Inorganic Experience with TAL

I’ve just finished listening to two episodes of the public radio broadcast, This American Life. Despite the fact that each episode’s content was interesting to listen to, I felt myself unable to fully focus on either The House on Loon Lake or 20 Acts in 60 Minutes. The broadcast about the abandoned Nason house fared slightly better against my attention span because even though I found myself drifting away at times to putter around my room or run to the kitchen for a glass of water, I knew I would have to listen to the end to see how the narrator resolved a mystery that plagued him for so many years.

However, I struggled to listen attentively to “20 Acts.” With no common theme — except for speed, it seems — connecting these 20 snippets of life, I experimented in how I listened to the broadcast. I listed to the first 30 minutes or so without pausing, fast forwarding or skipping an act. During this time if an act didn’t particularly interest me, I’d check my email, Twitter or this class blog to see if someone had posted a response yet. During the second half of “20 Acts” I skipped around a bit more. If a story didn’t immediately draw me in, I dragged the time marker to another story, hoping to be dropped in the middle of something entertaining. The bit about a man’s inverse ability to predict trends was a particularly good find (Internet, Madonna you say? Never!).

When I get in the car with my friends, we rarely turn on the radio. Someone grabs an iPod from their bag and cues up a playlist. We don’t dare risk exposing ourselves to commercials, boredom, or discontent that can come from listening to the unfettered whims of a radio broadcaster. But “This American Life” is unique and in a way perfect for driving — and driving only. Driving requires you to pay close attention to the road while still leaving just enough of your attention available to focus on audible elements. Speaking on a cell phone or constantly changing radio stations is distracting to drivers. Programs like “This American Life” provide enough entertainment to drivers due to the element of suspense present in each episode. These episodes are just intriguing enough to keep drivers tuned-in without causing sensory overload. I would choose to listen to “This American Life” while driving because I believe it might make me feel like I was driving with a purpose; all I had to do to hear the end of the story was reach my destination. With pausing and fast forwarding not an option with in-car standard radio, all there is left to do is listen and enjoy. Thus, I feel that by listening to these two episodes on on my computer, I did not have an organic experience with the broadcast. I was too prone to distraction and therefore likely missed many of the subtleties of the stories.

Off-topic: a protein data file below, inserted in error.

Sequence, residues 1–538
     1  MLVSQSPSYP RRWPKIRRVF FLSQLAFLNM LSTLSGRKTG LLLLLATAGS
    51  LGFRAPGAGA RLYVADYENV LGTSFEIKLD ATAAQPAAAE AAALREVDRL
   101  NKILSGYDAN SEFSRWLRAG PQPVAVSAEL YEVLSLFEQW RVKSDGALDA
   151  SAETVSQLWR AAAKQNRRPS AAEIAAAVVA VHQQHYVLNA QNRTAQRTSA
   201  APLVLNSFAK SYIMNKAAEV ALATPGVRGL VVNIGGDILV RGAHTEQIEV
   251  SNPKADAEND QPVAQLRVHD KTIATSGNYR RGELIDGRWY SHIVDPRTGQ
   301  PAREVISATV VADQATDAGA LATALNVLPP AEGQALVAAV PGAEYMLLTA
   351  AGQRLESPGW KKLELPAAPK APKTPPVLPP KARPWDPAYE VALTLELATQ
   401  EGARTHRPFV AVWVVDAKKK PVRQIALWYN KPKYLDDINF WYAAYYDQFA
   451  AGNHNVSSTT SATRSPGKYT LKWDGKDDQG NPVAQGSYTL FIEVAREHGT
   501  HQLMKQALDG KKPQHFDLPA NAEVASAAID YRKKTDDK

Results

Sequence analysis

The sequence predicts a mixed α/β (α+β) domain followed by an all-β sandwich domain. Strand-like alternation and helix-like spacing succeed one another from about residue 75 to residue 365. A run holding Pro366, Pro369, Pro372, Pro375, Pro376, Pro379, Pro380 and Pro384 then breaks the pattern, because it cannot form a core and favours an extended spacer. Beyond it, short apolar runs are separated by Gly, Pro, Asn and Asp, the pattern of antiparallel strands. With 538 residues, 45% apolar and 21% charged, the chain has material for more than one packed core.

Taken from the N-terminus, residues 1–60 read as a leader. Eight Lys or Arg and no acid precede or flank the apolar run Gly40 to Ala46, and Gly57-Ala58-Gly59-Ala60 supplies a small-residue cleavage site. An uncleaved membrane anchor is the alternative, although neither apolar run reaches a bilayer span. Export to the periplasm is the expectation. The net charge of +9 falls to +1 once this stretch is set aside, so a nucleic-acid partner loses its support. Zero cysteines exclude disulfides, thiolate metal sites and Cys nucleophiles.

— Jen Hirsch

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~ by survivingshanghai on January 30, 2011.

 
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